(Redirected from bias-variance tradeoff)
- See: Errors And Residuals in Statistics, Supervised Learning, Estimator, Overfitting, Expected Value, Bias, Variance.
- (Wikipedia, 2017) ⇒ https://en.wikipedia.org/wiki/Bias–variance_tradeoff Retrieved:2017-11-25.
- In statistics and machine learning, the bias–variance tradeoff (or dilemma) is the problem of simultaneously minimizing two sources of error that prevent supervised learning algorithms from generalizing beyond their training set:* The bias is error from erroneous assumptions in the learning algorithm. High bias can cause an algorithm to miss the relevant relations between features and target outputs (underfitting).
- The bias–variance decomposition is a way of analyzing a learning algorithm's expected generalization error with respect to a particular problem as a sum of three terms, the bias, variance, and a quantity called the irreducible error, resulting from noise in the problem itself.
This tradeoff applies to all forms of supervised learning: classification, regression (function fitting), and structured output learning. It has also been invoked to explain the effectiveness of heuristics in human learning.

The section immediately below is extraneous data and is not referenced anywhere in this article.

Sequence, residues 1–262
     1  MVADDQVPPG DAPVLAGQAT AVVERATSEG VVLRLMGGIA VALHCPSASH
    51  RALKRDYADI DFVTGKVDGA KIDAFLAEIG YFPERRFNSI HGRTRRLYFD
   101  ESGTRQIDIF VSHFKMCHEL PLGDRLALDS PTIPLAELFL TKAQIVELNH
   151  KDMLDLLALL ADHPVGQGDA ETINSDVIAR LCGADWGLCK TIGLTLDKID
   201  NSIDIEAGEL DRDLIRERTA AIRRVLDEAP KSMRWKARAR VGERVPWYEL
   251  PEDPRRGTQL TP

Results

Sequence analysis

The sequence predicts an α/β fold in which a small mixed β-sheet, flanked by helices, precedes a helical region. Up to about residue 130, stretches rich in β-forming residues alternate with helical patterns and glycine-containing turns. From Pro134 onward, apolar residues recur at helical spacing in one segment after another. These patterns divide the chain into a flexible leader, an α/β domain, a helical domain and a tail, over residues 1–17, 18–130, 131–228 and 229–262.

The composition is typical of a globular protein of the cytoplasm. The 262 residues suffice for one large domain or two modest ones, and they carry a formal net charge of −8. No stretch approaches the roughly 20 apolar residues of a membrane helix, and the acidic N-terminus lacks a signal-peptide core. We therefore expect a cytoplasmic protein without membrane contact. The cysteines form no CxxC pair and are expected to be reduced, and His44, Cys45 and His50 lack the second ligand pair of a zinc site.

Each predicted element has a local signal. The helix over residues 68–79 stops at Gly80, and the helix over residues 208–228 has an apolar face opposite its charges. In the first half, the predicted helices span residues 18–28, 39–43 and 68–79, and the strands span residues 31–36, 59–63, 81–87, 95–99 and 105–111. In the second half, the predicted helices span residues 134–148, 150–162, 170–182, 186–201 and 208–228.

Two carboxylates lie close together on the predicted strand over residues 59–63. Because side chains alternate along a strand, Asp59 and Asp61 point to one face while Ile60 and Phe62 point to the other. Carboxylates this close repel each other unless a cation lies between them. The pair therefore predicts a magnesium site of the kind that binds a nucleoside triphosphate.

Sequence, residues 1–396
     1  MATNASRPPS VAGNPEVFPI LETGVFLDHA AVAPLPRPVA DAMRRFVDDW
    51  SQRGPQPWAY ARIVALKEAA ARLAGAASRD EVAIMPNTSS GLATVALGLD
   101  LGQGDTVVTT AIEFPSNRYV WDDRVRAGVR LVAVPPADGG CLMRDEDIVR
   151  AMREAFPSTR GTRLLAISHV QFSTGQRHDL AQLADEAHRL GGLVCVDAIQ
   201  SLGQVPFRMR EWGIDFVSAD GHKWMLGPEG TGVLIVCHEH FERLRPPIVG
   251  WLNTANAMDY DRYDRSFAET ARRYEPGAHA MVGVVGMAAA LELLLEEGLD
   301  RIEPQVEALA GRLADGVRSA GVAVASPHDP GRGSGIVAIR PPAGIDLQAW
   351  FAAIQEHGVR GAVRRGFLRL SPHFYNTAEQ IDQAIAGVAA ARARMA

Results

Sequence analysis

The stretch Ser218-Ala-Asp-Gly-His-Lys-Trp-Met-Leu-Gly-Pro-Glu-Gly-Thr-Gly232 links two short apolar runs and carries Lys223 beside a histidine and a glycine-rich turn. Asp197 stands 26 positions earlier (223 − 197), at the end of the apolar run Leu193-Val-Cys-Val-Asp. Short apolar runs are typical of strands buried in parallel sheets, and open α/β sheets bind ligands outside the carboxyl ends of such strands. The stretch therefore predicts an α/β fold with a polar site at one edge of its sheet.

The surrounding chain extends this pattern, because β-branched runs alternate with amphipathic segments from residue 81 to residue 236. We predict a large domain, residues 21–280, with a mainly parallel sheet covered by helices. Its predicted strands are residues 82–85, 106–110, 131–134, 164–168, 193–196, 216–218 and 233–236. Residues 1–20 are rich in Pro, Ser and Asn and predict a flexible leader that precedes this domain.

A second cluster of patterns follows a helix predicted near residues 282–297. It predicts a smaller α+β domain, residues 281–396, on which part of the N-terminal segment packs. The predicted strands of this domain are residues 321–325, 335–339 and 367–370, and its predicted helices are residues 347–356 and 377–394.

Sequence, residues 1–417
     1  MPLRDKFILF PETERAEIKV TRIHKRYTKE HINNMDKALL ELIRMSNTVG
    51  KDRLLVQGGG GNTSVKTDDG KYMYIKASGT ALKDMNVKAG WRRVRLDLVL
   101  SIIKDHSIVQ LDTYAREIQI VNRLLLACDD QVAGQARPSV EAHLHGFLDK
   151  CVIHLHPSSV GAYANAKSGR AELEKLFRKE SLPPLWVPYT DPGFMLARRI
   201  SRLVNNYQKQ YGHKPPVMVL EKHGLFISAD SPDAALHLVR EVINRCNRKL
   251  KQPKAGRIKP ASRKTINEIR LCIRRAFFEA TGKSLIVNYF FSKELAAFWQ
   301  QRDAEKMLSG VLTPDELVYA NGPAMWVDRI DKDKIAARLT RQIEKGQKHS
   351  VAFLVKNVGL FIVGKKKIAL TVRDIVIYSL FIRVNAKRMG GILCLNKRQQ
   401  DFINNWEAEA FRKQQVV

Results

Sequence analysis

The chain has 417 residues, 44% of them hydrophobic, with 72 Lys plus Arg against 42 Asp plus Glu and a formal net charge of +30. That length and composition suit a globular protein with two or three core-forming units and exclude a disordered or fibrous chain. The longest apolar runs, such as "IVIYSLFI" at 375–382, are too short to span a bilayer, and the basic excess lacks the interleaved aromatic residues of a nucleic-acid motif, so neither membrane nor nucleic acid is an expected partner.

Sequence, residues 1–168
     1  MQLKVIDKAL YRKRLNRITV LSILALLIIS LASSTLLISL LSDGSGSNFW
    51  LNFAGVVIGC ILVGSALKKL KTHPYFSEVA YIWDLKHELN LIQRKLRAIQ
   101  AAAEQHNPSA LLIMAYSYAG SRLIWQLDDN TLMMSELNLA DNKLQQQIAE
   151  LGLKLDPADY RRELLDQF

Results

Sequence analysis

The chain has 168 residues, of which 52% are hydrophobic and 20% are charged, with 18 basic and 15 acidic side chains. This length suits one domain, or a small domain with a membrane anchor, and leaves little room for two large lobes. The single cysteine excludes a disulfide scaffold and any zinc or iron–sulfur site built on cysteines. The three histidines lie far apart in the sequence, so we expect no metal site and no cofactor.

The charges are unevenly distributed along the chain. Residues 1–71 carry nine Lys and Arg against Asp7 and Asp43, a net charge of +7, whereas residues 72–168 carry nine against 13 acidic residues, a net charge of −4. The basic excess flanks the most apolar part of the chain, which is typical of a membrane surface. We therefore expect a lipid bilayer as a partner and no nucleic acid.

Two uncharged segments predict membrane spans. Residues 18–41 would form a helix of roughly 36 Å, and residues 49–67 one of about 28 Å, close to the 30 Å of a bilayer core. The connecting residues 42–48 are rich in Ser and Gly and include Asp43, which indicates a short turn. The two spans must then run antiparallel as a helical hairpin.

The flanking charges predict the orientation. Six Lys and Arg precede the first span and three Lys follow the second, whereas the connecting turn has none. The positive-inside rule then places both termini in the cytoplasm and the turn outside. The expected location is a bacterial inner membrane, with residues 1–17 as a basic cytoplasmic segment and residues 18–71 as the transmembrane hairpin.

- (Rajnarayan & Wolpert, 2011) ⇒ Dev Rajnarayan, and David Wolpert. (2011). “Bias-Variance Trade-offs; Novel Applications.” In: (Sammut & Webb, 2011) p.101
- (Bouchard & Triggs, 2004) ⇒ Guillaume Bouchard, and Bill Triggs. (2004). “The Trade-off Between Generative and Discriminative Classifiers.” In: Proceedings of COMPSTAT 2004.
- QUOTE: … The key argument is that the discriminative estimator converges to the conditional density that minimizes the negative log-likelihood classification loss against the true density p(x, y) . For finite sample sizes, there is a bias-variance tradeoff and it is less obvious how to choose between generative and discriminative classifiers.
- (Kohavi & Wolpert, 1996) ⇒ Ron Kohavi, and David H. Wolpert. (1996). “Bias Plus Variance Decomposition for Zero-One Loss Functions.” In: Proceedings of the 13th International Conference on Machine Learning (ICML 1996).